Hypothyroidism in Child
Acute hypothyroidism may develop after thyroidectomy or withdrawal of thyroid hormone; these symptoms are often less well tolerated than when hypothyroidism develops gradually.
Hypothyroidism may be classified in the following ways:
- Primary hypothyroidism – Disease of the thyroid gland that leads to decreased production of thyroxine and triiodothyronine with compensatory increase in serum thyrotropin (TSH) levels. Primary hypothyroidism has many causes including Hashimoto thyroiditis, thyroidectomy, radioiodine therapy to treat Graves disease, and medications such as lithium, amiodarone, interferon-alpha, interleukin-2, and oral tyrosine kinase inhibitors.
- Secondary hypothyroidism – Caused by a TSH deficiency, often due to diseases of the pituitary such as pituitary tumor, postpartum pituitary necrosis, trauma, hypophysitis, infiltrating tumors, or nonpituitary tumors such as craniopharyngiomas. Patients will have inappropriately low or normal TSH values in the setting of suppressed thyroxine (T4) values.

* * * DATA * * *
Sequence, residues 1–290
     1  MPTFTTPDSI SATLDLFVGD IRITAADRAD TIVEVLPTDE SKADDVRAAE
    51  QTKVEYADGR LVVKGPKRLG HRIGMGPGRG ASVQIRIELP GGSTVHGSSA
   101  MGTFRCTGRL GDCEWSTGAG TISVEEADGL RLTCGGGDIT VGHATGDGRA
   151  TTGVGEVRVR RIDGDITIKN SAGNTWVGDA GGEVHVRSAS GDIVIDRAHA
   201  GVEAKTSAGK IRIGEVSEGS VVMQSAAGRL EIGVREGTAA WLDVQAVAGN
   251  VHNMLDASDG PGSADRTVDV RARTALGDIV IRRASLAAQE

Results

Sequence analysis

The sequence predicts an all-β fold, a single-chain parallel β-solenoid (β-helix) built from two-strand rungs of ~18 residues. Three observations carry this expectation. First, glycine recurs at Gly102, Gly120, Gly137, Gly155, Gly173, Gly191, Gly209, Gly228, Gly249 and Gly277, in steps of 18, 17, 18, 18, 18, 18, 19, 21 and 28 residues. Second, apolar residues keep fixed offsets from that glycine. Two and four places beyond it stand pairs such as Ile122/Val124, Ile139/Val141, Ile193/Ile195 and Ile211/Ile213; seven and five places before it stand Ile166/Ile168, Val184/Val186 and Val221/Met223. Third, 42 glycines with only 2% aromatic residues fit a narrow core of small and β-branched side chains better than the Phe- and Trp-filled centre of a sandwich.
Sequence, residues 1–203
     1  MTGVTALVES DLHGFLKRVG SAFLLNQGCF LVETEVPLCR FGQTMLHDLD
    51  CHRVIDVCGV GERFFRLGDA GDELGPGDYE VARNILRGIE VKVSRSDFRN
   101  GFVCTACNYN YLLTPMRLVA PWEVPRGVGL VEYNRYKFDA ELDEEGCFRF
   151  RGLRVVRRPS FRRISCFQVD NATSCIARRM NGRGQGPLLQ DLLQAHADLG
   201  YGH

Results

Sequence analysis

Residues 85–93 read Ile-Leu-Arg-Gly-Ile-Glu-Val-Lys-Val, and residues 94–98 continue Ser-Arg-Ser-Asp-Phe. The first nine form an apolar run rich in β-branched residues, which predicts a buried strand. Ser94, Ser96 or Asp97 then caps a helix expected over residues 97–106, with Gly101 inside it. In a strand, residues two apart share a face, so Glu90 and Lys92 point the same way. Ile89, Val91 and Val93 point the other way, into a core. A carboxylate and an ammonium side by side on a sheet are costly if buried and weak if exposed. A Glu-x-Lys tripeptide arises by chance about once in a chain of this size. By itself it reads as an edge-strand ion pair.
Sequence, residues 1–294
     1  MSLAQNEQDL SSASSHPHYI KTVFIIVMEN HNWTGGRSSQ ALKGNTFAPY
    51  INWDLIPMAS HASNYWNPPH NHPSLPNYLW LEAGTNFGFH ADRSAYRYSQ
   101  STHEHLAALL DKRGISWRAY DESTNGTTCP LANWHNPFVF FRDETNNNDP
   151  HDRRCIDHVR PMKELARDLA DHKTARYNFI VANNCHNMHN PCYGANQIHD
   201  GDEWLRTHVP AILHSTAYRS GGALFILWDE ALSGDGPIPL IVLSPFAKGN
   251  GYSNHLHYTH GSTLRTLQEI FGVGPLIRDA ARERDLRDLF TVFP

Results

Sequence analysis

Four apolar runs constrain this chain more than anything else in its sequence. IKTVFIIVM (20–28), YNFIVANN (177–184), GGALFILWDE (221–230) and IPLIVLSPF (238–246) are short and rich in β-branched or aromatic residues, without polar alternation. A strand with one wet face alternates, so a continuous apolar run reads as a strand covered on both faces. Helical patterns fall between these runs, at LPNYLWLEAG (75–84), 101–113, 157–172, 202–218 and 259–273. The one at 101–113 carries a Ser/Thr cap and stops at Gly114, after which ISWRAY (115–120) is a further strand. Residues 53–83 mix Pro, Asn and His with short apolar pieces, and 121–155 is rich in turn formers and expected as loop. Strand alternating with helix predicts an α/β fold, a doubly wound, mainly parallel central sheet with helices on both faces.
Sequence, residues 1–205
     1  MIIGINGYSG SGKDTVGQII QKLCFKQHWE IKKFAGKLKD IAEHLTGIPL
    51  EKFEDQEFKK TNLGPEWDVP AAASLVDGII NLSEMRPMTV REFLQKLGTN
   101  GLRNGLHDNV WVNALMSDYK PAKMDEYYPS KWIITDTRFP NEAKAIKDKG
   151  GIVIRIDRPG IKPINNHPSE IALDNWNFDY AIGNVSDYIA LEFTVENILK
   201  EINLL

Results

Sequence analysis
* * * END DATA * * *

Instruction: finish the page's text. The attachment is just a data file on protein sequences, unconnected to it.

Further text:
- Tertiary hypothyroidism – A deficiency of thyrotropin-releasing hormone (TRH) due to disorders affecting the hypothalamus or interfering with HPA portal.
Rare but severe complications of hypothyroidism include heart failure and myxedema coma, which results in altered mental status, lethargy, bradycardia, hypothermia, multiple organ system failure, and ultimately death if left untreated.
Related topic: Congenital hypothyroidism
E03.9 – Hypothyroidism, unspecified
40930008 – Hypothyroidism
- Drug side effects (beta blockers, opiates, statins, antihistamines, anticholinergics, antidepressants)
- Adrenal insufficiency (primary, secondary)
- Congestive heart failure
- Diabetes mellitus (type 1, type 2)
- Huntington disease – decreased knee-jerk relaxation